“The Finder of the Lost”
In the Name of the Father and of the Son and of the Holy Spirit. Amen.
Among the large crowds that followed Jesus were tax collectors and sinners. Even without knowing much about the special hatred reserved for Jewish tax collectors at this time, it is not hard to guess at their status when they are included in the designation “tax collectors and sinners” (Luke 15:1; cf. 5:30; 7:34). Perhaps we might paraphrase, “Jesus welcomes IRS agents and sinners.” Or, “Jesus welcomes lawyers and sinners.” Or, “Jesus welcomes politicians and sinners.” But it was these tax collectors and sinners who gathered close to Jesus in order to hear His words. Words like, “Salt is good, but if salt has lost its taste, how shall its saltiness be restored” (Luke 14:34, ESV)? Words like, “So therefore, any one of you who does not renounce all that he has cannot be my disciple” (Luke 14:33, ESV). What was it that drew these tax collectors and sinners to a Man with words like these? It was the same thing that caused the Pharisees and scribes to sigh with frustration, “This man receives sinners and eats with them” (Luke 15:2, ESV). He received them. He welcomed them. He gave them words of relief from their self-imposed burdens and their self-inflicted exile. Luke is not being ironic when he calls them sinners. They were. The Pharisees and the scribes were not being arrogant. They were right. The tax collectors and sinners whom Jesus welcomed and with whom Jesus ate were people who had disobeyed the Law of God and everyone knew it. The crowds knew it. The Pharisees and the scribes knew it. The tax collectors and sinners knew it about themselves. And Jesus knew it. What were they coming to hear from Jesus? How about this: “It’s okay. You’re listening to me. That’s good enough. I accept you just as you are”? Or maybe this: “You have been oppressed by the government and the hypocrites around you. Follow me and speak out against oppression in all its forms.” Or this: “You can’t help the way you are. Society has imposed its own unreasonable standards on you. Experience the liberation of living fully and freely as the tax collectors and sinners that you are. After all, if you feel like being tax collector and sinners, God must have created you that way, right?” No. That’s what we in our enlightened age would have said if it were up to us. Jesus, though, is not enlightened. He is not modern. He is not progressive. And He is not up on the most recent psychological theories which aim at making us feel good about ourselves. No, every word spoken by the Man who drew crowds of tax collectors and sinners, scribes and Pharisees, was a variation on the same theme: “I have not come to call the righteous but sinners to repentance” (Luke 5:31, ESV). Does Jesus answer questions about the relative guilt of those whose blood was mixed with the blasphemous sacrifices of Pilate, or those on whom the tower of Siloam fell (Luke 13:2, 4)? “No, I tell you; but unless you repent, you will all likewise perish” (Luke 13:3, 5, ESV).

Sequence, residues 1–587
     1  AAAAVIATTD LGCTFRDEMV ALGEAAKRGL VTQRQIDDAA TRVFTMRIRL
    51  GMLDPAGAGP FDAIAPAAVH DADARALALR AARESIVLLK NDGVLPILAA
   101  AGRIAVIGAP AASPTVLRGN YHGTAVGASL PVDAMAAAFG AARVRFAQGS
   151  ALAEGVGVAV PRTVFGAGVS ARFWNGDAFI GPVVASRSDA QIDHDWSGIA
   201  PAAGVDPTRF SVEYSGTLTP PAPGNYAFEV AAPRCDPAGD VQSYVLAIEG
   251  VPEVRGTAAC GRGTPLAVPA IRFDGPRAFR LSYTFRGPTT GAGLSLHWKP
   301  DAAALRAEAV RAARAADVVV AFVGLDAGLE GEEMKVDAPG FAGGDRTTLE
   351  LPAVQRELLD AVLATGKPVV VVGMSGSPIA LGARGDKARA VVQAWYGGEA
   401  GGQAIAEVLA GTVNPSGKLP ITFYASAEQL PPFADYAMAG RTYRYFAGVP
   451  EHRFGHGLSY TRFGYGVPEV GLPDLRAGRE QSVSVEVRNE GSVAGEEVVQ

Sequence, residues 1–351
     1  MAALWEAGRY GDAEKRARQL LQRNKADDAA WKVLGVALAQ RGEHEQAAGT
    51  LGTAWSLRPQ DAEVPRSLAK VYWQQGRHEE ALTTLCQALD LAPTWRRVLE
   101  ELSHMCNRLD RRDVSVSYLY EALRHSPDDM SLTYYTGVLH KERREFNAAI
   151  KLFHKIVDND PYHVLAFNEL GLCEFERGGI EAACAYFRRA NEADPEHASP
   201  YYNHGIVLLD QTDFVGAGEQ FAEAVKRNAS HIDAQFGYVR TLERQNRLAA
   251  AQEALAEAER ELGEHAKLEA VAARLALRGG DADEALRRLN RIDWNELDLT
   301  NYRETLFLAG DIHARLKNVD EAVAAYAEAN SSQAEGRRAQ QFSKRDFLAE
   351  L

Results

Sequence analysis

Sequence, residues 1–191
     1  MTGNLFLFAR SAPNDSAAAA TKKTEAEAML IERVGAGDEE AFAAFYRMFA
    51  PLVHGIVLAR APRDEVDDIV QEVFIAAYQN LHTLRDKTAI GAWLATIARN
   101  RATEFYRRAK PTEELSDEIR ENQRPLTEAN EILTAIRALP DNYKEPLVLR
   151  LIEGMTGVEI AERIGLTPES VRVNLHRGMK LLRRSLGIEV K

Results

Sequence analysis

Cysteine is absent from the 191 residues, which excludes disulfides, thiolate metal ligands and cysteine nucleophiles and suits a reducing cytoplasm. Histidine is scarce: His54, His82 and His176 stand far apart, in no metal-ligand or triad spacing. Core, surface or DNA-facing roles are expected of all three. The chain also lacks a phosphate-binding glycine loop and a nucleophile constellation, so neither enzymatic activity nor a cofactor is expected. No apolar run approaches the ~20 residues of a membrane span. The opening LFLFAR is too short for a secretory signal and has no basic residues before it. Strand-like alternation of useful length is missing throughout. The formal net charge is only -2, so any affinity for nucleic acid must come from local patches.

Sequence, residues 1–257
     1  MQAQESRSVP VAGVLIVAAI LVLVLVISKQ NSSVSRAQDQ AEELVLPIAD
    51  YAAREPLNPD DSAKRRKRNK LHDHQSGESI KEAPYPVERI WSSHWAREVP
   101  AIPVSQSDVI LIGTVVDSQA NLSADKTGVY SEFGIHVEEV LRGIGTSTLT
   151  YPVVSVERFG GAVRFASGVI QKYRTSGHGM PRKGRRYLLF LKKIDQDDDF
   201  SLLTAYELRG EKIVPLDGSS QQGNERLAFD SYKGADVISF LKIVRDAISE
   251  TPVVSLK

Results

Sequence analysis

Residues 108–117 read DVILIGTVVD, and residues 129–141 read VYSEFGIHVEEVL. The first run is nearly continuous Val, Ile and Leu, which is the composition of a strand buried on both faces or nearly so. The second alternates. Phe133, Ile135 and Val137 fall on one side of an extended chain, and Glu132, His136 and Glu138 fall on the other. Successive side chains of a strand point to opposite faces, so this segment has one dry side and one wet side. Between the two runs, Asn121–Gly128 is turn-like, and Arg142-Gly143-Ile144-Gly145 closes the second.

Let us be done with the Jesus-lite sentimentality. Jesus does not love you for who you are. He loves you in spite of who you are. Jesus does not welcome tax collectors and sinners because they are closer to the Kingdom of God or because they’re more authentic or because they’re nicer than the self-important Pharisees and the uptight church ladies. He welcomes them because they know that they need to repent. There is not more joy in heaven over one sinner who forms an alternative community because the church is so repressive and medieval. There is not more joy in heaven over one sinner who joins with other sinners to affirm their sinfulness as created good. There is not more joy in heaven over one sinner who tells the Pharisees where to get off. There is not even more joy in heaven over one sinner who comes to hear Jesus. No, the joy shared by angels, archangels, and all the company of heaven is over one sinner who repents. Jesus does not receive tax collectors and sinners because they have chosen to listen to Him. He receives them because they are the ones for whom He came looking. They are the ones whom He has found. Being found by Jesus tends to have that effect on people. When you are found by Jesus, when who and what you are is brought into the light, there are only two possible consequences: hardening of your heart or repentance.
Do you think the sheep or the coin knew it was lost? Do you think either was diligently seeking to return to its place with the other sheep and the other coins? As far as we know, the sheep was probably living it up with the wolves. The coin was likely enjoying its time in the dust and the dark where it had fallen. You know what I mean. Watch a good action movie. I suggest Live Free or Die Hard. Real life will seem so much more boring. Isn’t that how it is? Spend a few Sundays at the lake fishing. Skip the Sacrament for the game. Spend your extra time on Sunday with your safe dreams in your warm bed. What we do here will seem to pale in comparison. A lot of standing and sitting, listening to the words of an old book, singing hymns you don’t even like, a bite of bread and a sip of wine-I’m with you. If this wasn’t my job… Lost? We’re not lost. I know theoretically I need to repent, but I really don’t feel that bad.